Posted on September 26, 2022 at 1:52 PM by Emily Saveraid
Osceola County 4-H History
Prepared by Jan Stofferan, County Youth Coordinator
No comprehensive history of Osceola County 4-H has been written and therefore, this writing is the first record .of 4-H history for Osceola County. 4-H Historian’s books, club secretary’s records newspaper clippings as well as 4-H program material and miscellaneous papers reveal a rich history of 4-H activities for Osceola County.
Earliest information is a report called, “History of Girls’ Club work in Osceola County 1923-1933.” This documents states that girl’s club work had its beginning in Osceola County in 1923 when two canning clubs were organized. The following year, eight fully organized girl’s clubs were organized. Two clubs were canning clubs and the remaining being clothing clubs. In 1925 nine clubs were organized.
Other early information about youth club work is a report by the Osceola County Agricultural Agent. In a 1926 document, “Report of Program of Work of Major Project for Junior Club Work,” he reports his work in relation to establishing girls and boys clubs for the purpose of developing community leaders. He also writes about his goals for youth in that he wants, “ youth to gain a thorough understanding of farm cooperation and improvement of farm practices.”
The county-wide goal during this time was to implement or form a standard livestock club and a standard girls’ club in every township. It appears from this correspondence that specific clubs such a Poultry club and the Pig clubs were organized. There were eight meetings with a total attendance of 339 people. There were 170 girls enrolled in 12 “garment” clubs. These clubs, usually located in every township, held 126 meetings with a total attendance of 1,260. Specific demonstration teams were set up and eleven were set up that year and reached a total of 85 people. The different girls’ garment clubs of the county with their local leaders are listed:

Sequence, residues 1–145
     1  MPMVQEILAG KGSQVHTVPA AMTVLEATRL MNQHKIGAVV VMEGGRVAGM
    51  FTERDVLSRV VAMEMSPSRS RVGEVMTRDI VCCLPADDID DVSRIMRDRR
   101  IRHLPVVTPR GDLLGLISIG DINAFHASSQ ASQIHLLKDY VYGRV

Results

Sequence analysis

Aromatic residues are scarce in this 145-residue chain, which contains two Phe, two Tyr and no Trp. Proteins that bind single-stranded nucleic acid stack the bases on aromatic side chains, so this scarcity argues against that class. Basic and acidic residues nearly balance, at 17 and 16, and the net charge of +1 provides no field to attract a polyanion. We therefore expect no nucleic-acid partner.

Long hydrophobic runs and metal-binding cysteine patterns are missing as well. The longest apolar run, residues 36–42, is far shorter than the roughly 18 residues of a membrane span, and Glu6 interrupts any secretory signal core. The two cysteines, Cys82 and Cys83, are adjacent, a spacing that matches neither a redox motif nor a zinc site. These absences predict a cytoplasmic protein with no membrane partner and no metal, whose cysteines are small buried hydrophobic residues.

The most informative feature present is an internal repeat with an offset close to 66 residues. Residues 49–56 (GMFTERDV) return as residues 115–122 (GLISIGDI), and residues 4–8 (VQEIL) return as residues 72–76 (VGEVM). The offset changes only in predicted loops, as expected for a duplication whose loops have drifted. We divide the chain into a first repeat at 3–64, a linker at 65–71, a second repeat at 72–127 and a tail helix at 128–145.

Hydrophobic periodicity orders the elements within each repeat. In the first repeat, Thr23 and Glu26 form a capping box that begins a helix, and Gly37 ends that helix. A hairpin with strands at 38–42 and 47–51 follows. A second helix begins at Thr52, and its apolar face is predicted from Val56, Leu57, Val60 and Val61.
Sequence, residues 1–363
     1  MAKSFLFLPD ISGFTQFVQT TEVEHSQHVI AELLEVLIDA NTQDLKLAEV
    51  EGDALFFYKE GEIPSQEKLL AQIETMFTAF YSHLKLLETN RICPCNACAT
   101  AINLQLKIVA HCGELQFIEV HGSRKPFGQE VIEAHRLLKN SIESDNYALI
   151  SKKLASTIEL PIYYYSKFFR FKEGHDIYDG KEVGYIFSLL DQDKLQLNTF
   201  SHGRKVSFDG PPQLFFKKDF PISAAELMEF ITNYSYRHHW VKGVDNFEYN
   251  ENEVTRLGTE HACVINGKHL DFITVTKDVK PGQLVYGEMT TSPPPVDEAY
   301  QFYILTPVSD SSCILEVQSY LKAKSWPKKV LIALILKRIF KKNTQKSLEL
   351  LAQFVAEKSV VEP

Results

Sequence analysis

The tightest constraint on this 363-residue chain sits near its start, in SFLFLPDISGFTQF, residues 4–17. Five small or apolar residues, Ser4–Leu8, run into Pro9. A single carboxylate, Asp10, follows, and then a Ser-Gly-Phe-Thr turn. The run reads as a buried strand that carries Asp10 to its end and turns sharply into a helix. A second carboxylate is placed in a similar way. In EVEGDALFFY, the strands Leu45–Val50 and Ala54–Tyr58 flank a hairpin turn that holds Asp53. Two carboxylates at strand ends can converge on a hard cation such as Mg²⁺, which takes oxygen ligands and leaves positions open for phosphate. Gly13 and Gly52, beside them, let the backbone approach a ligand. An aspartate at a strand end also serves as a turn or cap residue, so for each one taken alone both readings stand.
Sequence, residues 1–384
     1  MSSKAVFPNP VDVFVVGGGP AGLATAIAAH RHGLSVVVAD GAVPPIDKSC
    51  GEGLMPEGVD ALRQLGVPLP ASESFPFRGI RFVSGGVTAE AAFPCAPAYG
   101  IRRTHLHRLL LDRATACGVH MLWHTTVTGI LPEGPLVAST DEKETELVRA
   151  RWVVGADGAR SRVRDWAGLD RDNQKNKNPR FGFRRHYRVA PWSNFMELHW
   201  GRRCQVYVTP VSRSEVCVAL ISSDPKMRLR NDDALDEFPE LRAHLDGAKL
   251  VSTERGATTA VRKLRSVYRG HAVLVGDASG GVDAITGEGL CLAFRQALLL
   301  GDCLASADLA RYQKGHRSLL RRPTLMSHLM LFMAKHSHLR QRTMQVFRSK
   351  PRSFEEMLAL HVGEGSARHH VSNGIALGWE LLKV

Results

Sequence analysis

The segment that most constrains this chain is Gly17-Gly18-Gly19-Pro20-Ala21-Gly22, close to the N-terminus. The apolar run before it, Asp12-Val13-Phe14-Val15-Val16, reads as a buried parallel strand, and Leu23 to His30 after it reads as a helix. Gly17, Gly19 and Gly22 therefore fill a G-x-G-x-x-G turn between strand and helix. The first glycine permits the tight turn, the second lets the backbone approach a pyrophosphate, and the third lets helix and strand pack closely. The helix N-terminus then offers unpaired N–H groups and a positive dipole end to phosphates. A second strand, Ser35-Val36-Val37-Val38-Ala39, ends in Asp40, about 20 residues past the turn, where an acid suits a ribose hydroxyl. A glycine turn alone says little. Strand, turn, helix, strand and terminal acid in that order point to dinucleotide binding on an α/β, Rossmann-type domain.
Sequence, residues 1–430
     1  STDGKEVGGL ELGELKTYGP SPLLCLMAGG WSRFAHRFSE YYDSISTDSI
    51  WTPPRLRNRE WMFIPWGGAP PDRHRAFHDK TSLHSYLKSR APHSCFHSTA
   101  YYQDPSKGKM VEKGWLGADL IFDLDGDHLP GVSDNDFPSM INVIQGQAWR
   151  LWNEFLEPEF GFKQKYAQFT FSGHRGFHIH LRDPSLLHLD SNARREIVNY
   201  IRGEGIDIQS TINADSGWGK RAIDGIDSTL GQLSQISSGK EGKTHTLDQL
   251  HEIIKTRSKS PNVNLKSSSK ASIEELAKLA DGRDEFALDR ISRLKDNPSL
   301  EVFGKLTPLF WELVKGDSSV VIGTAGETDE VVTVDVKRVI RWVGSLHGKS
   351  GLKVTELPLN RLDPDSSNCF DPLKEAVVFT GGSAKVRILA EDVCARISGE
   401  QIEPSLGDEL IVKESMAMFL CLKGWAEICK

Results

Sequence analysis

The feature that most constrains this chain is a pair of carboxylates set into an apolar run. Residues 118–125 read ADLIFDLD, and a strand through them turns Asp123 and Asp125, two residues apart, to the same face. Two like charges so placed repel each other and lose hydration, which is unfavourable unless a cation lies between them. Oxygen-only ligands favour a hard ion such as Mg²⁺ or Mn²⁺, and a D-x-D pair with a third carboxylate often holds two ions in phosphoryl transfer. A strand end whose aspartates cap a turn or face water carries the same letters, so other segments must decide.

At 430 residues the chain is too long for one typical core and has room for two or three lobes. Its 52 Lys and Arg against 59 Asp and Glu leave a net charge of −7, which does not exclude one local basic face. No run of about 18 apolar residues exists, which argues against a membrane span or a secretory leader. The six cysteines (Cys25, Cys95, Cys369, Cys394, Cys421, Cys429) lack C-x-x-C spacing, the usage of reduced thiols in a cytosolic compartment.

In 1927 each of the twelve townships had a girls’ club which completed work in Home Furnishing. In 1928, Home Furnishing was the project selected for club work. In 1929 the canning project was implemented. In 1930 there were 120 girls enrolled in the baking project.
In 1931 the first ever Rally Day was held. Sometimes Rally Day and Achievement Day were held together. County Officers were elected at this time. It appears the County Officer’s group functioned as a governing body. Clothing was the project area for these girls. This continued into 1932. In 1935 Dr. F. P. Winkler was made the first Osceola 4-H Honorary member. The county agent at this time was Paul Nelson.